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That my husband concocted a way to dangle the wireless modem from the ceiling so I could work while the floors were being finished tells you how strange the work surroundings were.
One of the more recent projects I'd completed occurred before the madness, but it stands to reason that issues will crop up when you're already in the middle of an odd situation. It's an issue that could escalate, but one in which I know I did what I could to give the client the best product I could given the information provided.
Still, it could go wrong if I don't handle it properly.
It's a situation in which the client has to answer to a third party. This third party had some very pointed instructions for my client, which I believe were passed on to me in their entirety. At any rate, I based my work on the information I received.
Now the third party is doubting that my client hired an editor at all.
You see what's about to happen, don't you? The unseen variable -- me-- can easily become the target and ensuing scapegoat for any displeasure that's being lobbed about.
Part of being a confident writing professional is knowing that you did your job correctly. Still, you are going to face those clients and situations that will have people challenging your skills and questioning your choices. In a case where you're working for one client and suddenly answering to another ---that's a minefield.
Here's how to navigate the minefield and maintain your confidence and reputation:
Answer only to the client. Your temptation may be to start defending yourself to this third party or telling them to back off. Or worse, you might think "I have to make this person happy now." Stop that thinking right now. You answer to the one paying you. The only time you answer to another is when you're contracted to do so. I call it the "posse clause" and it's in my contracts. I answer to third parties only when they're named at the outset. If they aren't and I'm now expected to work with them, that means my current contract is breached, I'm owed money, and I'm now going to work under a different contract if you want me to continue.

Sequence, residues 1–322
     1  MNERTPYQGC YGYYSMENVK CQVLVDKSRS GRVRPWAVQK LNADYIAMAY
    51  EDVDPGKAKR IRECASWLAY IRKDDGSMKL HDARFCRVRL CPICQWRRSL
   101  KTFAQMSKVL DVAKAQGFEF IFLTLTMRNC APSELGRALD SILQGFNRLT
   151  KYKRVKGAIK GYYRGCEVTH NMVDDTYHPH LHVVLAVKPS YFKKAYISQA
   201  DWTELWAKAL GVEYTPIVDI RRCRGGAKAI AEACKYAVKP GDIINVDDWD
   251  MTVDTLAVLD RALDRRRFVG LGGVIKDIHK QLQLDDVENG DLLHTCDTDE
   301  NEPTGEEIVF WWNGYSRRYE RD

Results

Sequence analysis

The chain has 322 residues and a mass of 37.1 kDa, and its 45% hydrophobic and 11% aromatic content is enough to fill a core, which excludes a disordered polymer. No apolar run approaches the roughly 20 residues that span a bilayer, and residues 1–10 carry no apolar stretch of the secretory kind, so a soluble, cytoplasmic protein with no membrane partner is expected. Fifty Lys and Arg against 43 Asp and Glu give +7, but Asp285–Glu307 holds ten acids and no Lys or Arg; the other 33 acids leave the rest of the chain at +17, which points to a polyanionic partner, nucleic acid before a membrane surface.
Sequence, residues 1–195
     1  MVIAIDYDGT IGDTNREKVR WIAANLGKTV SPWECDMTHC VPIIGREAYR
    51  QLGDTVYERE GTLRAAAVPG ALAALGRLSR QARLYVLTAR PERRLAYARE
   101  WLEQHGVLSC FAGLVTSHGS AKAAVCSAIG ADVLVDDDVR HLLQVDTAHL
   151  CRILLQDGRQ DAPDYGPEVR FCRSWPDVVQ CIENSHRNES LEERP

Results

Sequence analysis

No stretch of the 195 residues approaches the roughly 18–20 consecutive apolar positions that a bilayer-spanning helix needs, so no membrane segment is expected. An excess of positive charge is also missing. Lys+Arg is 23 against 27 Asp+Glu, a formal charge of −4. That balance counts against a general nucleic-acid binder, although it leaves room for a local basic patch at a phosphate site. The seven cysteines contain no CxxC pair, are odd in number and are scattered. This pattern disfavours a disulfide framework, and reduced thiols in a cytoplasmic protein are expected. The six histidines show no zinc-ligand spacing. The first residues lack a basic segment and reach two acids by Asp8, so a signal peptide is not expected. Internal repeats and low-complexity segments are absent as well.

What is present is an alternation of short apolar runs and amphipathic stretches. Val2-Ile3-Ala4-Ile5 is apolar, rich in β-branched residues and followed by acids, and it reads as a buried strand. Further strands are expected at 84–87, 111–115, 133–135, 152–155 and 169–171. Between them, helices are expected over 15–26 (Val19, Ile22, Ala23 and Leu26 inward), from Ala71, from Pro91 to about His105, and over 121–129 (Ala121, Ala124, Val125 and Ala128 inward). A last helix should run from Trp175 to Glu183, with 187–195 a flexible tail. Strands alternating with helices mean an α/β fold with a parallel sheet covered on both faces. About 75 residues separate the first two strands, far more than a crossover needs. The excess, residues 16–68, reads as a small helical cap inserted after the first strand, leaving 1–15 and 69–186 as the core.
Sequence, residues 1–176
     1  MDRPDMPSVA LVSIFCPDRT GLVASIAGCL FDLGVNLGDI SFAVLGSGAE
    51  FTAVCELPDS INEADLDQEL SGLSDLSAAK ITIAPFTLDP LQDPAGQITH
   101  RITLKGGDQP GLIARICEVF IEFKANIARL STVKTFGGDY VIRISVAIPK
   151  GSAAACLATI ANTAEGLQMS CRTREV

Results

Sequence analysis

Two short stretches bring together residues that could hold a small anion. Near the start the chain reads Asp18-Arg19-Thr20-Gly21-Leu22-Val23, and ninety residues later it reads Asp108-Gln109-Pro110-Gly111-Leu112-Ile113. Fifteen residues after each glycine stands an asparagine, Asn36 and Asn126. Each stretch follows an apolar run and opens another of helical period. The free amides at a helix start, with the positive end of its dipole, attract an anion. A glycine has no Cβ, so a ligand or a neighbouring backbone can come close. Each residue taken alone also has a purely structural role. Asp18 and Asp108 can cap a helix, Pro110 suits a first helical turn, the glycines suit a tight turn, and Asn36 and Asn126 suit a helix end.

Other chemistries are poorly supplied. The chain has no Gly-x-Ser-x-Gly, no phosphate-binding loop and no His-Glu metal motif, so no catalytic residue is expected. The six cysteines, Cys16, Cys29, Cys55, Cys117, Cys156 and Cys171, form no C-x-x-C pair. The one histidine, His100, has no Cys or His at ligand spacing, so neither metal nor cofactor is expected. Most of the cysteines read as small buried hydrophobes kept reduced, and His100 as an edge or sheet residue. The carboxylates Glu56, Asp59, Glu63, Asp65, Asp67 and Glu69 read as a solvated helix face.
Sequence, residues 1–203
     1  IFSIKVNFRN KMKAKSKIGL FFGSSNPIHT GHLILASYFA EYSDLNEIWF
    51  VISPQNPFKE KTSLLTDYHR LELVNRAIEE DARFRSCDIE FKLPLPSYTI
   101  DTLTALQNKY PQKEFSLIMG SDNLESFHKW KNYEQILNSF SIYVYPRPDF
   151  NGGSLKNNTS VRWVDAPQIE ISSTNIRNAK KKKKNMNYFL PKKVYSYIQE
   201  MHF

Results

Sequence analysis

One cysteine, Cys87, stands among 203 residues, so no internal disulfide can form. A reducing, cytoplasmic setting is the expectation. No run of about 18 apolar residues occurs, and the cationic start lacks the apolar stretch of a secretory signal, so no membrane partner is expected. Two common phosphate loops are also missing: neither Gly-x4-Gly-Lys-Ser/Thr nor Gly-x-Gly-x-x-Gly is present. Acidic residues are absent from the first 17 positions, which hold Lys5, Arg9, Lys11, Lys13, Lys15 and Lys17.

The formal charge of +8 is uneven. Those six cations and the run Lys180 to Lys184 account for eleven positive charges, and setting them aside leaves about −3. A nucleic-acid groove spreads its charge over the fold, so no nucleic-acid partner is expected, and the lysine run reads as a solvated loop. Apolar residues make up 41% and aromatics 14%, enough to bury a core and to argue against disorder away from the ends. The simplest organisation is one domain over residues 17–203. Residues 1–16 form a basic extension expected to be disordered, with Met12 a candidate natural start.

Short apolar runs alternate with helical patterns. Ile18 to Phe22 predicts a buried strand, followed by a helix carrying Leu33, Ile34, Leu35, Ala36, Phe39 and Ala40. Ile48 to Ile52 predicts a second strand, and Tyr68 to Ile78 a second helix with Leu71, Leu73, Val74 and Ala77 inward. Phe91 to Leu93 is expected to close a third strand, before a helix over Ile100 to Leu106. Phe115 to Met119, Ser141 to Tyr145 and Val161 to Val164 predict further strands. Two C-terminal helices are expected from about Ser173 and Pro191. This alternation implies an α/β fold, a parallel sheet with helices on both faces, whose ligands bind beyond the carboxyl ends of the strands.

Step back. Don't jump automatically into defense mode. Assess the situation, the complaint, and the possible scenarios that could be influencing the entire conversation. What is the main objection or concern? Is that something directly related to you, or are there influencing circumstances? Could something you did be part of the problem? If so, how can you fix it?
Get all the facts. Don't do or say anything or offer any remedies until you know the full scope of the situation. If you're having troubles applying this advice, just imagine that you've agreed to rewrite a book that someone said was "poorly written" and then you find out it was someone who wants to be that person's editor. When responding to things like "He says there are no signs of edits or revisions" do yourself a favor -- ask for the exact copy of the document in question -- not the original or the first revisions, if there are multiples. Then you'll be working from the same information.
Address client's feedback thoughtfully. Drop the emotion right now. I don't care if that client just said her third grader writes better. A) you know better, and B) it's not relevant to the problem, which is your only concern. When giving feedback, keep defensiveness out of it, and don't use emotionally charged words. Explain why you did what you did, and be sure to cite style guides, if it calls for it.
Make sensible changes. Don't agree to a rewrite of the entire project if you know it doesn't need it. Agree to rework one section or revise certain elements if you feel that's warranted. Sometimes just offering to do this will be enough. People want to be heard. People also want to believe they're writers sometimes, so don't take personally those "I found several errors" comments. Usually, they're working off high-school knowledge of rules that have possibly changed. In one case, I was called unprofessional and the client implied I was a hack because I'd started a few sentences with prepositions, a practice that is now widely accepted.
Remember where ownership lies. If it should get really contentious, remember who had final approval over your work. Remind the client, if need be, that you had their final approval and that you thought, as you should at that point, that the project was completed satisfactorily. That's why I always check back to make sure clients have received the project and are putting their stamp of approval on it.
You can't please every client. It will happen that someone will express displeasure, concern, or upset over what you've given them. When you can, work with them to make sure they're happy and you've understood what they want and have delivered it. When you can't, make sure not to shoulder unnecessary blame, especially in the case of a third party giving feedback. You answer to your paying client, not their friends, family members, professors, employers, or networking circles. Your worth isn't determined by people you've never worked with -- it's determined by how you rise to meet challenges and how you wear that professional hat when things get tough.
How do you handle unpleasant client feedback or situations?